Merchants, restaurateurs, city of Santa Barbara discuss Coast Village Road’s future
City officials and more than a dozen individuals representing retail, restaurants, and residents met in a conference room at the Montecito Inn on Friday to discuss the ongoing debate surrounding restaurant parklets on Coast Village Road.
At the heart of the morning conversation was the impact that the COVID-era parklets are having on the already scarce parking availability of Coast Village Road and Coast Village Circle, which has also been exacerbated by ongoing construction on Highway 101.
While the atmosphere of the hour-long forum remained civil, retail store owners and restaurateurs were clearly divided over whether the parklets should remain.
Retail owners said they supported the parklets when indoor dining was restricted due to the pandemic.
But they added that the time had come to remove the parklets to free-up parking spaces that help bring in customers to retail and other business establishments along Coast Village Road and Coast Village Circle.
The Montecito streets are within the city limits of Santa Barbara.
“Overall, my impression is that the city in establishing the parklet program at the time they did during the pandemic was absolutely the right decision, and I think it helped and saved a lot of restaurants, and that was great to see,” K. Frank clothing proprietor Kevin Frank told the News-Press after the forum.
“But now as tourism has returned and the street and our town are significantly more busy, the loss of parking has created a hardship on the community and all the businesses, with the exception of those restaurants (with parklets), for equal access to the street.”
However, despite his stance, Mr. Frank also expressed disappointment in the fact that there didn’t appear to be a readily available solution to the parklet issue short of their removal.
“Our sidewalks are for the most part pretty narrow on Coast Village Road, and we have no facilities for a lot of cars as State Street does with the (public city lots and garages),” he said. “So the solutions I think are unfortunately pretty limited. I would love reimagining the street with wider sidewalks and public spaces for the restaurants to enjoy outdoor dining and have that aspect. But that’s obviously a huge capital project that’s not going to happen anytime soon.”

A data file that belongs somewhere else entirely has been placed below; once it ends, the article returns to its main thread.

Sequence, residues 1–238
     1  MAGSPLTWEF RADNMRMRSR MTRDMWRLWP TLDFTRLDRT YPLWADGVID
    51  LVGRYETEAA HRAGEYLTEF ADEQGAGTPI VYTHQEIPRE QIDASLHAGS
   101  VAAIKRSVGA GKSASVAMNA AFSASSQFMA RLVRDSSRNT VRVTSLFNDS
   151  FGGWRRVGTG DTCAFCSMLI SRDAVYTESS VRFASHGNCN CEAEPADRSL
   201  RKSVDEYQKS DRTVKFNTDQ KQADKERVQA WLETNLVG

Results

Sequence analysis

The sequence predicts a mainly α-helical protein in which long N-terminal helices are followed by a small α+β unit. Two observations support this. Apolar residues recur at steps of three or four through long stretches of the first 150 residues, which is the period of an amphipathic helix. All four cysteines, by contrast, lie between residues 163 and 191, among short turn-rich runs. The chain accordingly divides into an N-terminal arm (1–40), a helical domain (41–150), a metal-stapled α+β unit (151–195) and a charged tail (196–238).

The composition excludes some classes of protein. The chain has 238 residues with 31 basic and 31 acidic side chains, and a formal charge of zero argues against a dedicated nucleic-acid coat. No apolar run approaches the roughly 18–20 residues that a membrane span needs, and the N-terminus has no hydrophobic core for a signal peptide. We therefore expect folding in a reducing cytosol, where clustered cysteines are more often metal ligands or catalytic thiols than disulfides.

Restaurateurs, however, respectfully pushed back on the idea that parklets were no longer necessary for their businesses to continue to thrive. They noted that inflation and economic uncertainty has followed the pandemic — to the detriment of the industry’s notoriously tight profit margins.
“The circumstances have changed a lot since two years ago,” Pierre Henry of Bree’osh Café explained during the forum. “Food costs increased, (city) tax costs increased, operating costs increased, and it’s more expensive to hire people.
“We are doing good business, but because everything increased. If we get rid of our parklet, it’s like cutting the business (in half),” he said. “If we cut the business (in half) right now, it would make the situation very very tricky for us and most of the businesses (on Coast Village Road).”
Another restaurateur added that expanding their space with the use of parklets had allowed them to bring on more employees to the benefit of the local economy, and that their removal would necessarily result in staffing cutbacks to accommodate a smaller space.
Also at the forum was Santa Barbara Mayor Randy Rowse, who said that city enforcement regarding regulations such as uniform building codes, ADA accessibility and crossing public right-of-ways with open food — which have been laxly enforced since the onset of the pandemic to accommodate restaurants — will eventually begin to play a role in regards to how the city moves forward with parklets.
“All of those standards at some point in time are going to start filtering back in, and we’re all going to have to pay attention to them,” Mayor Rowse said during the forum. “Whether we like it or not, or whether (the City Council) is making decisions or not, all of those (regulations) are going to come back into play, and everybody should be aware and prepared for that. We just can’t confer public right-away on anybody we feel like doing so, there’s got to be a logic process and legal process behind that.”